– What would you tell someone who wants to be a private chef?

Get some real restaurant experience under your belt first. It will really up your private chef game. Be prepared to compromise a lot and go with the flow; remember you are there to serve your client first and foremost. Your clients will often make very specific requests or make last minute changes to your menu and event. You have to be very organized and independent. There is no one telling you what to do. You are on your own!

– What’s next for you?

I love my job(s) and I am excited to grow with them. Our restaurant group Tarallucci e Vino will be opening its 5th location soon and we can’t wait! I also will be writing more regularly for Thrillist and heading up more recipe development for them. I was also recently on the FoodNetwork (watch here). Hopefully I’ll be doing more with them and more general video content too!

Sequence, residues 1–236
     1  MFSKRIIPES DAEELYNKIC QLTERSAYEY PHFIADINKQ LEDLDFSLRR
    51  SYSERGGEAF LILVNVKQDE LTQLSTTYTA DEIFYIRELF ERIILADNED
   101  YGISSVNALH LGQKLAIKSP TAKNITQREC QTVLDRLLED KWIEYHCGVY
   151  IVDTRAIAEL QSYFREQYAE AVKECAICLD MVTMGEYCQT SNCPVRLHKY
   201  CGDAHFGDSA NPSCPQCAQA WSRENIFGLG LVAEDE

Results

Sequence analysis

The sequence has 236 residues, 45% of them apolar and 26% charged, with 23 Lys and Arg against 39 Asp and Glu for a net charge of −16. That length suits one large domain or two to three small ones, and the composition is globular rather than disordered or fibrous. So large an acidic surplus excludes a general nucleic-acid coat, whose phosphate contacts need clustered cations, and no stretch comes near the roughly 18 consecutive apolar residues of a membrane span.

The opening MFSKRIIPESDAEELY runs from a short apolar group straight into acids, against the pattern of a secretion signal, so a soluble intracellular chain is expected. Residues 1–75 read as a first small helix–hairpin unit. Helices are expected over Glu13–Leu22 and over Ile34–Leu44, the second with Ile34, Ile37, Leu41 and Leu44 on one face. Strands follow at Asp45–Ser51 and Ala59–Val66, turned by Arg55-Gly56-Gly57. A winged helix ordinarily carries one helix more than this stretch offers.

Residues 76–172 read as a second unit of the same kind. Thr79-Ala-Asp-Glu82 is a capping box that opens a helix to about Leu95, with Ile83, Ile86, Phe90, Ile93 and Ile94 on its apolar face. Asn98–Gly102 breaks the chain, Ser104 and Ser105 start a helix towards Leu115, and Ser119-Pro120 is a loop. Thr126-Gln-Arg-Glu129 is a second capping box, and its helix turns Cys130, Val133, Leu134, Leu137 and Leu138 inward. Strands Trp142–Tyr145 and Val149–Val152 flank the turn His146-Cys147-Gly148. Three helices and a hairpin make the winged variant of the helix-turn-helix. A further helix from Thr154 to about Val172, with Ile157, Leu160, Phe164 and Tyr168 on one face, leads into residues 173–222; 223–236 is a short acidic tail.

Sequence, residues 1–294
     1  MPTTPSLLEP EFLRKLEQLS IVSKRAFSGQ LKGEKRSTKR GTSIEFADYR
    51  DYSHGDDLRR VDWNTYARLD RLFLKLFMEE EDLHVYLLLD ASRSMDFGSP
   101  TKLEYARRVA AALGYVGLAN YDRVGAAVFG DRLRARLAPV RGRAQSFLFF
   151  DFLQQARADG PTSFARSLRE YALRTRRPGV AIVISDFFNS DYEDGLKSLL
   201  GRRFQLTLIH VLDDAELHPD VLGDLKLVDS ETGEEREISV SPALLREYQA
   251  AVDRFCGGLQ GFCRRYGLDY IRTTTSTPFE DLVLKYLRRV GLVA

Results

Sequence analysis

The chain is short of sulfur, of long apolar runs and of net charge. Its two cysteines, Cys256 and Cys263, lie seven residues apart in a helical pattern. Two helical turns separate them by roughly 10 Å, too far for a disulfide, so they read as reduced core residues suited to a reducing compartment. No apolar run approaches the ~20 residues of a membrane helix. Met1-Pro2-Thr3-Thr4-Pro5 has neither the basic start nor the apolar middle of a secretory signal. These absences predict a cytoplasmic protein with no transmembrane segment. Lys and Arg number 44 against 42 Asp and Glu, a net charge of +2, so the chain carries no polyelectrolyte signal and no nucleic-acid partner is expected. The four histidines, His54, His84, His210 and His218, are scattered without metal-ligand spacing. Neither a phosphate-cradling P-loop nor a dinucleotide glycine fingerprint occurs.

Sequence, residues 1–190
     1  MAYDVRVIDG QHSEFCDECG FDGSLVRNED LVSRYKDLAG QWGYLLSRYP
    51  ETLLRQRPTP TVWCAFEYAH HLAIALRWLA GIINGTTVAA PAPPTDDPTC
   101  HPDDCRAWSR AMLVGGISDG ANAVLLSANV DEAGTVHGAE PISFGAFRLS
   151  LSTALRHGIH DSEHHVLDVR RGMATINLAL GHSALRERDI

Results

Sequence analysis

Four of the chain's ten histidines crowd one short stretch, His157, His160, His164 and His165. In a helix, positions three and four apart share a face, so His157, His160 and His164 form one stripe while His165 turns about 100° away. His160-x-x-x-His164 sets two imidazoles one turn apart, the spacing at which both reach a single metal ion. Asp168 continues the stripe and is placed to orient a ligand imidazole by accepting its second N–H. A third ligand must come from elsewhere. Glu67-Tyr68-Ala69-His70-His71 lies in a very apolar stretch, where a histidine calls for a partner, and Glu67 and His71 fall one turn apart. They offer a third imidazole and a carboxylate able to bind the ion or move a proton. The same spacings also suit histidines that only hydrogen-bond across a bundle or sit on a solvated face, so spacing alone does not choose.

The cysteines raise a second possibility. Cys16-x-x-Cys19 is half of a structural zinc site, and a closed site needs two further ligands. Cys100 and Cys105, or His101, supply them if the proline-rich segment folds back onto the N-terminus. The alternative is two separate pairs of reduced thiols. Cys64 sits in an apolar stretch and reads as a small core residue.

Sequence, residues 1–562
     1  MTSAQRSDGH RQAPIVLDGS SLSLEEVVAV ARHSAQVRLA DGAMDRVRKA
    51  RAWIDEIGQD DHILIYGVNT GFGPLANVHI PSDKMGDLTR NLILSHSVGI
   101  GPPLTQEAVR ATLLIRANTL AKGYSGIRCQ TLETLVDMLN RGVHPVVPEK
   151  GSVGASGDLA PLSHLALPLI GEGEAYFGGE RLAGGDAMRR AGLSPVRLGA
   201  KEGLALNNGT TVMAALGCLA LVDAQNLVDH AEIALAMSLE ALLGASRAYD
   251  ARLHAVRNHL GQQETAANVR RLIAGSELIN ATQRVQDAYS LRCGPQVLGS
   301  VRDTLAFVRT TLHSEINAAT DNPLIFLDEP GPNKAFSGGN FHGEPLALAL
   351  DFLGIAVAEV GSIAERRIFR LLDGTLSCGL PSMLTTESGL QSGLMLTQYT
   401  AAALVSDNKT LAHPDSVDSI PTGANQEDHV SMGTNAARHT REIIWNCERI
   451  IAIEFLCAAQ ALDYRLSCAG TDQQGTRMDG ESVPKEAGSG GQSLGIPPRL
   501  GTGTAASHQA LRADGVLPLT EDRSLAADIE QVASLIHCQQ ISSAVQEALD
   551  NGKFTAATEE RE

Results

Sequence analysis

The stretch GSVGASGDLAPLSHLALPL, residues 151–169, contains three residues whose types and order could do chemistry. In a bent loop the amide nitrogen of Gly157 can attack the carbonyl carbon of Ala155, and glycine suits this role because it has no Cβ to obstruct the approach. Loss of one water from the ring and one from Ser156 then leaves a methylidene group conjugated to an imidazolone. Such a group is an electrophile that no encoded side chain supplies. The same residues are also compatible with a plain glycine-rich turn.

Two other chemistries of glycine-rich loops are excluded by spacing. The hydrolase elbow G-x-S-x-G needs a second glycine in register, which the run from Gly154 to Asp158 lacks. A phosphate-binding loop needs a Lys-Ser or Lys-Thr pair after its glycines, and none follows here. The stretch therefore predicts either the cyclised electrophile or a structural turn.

Keep Up with Julianne:

The Gastronerd // YouTube

Interview with Chris Chowaniec (Culinary Arts’13)

ICC California alum Chris Chowaniec (left) and his brother Mark have turned their lifelong relationship with food into an exciting new business. The Chow Brothers “are committed to always being a fun and responsible food brand delivering unique flavors as accouterments, appetizers, and main dishes to good food fans everywhere!”

– How and when did you know you wanted to work with food?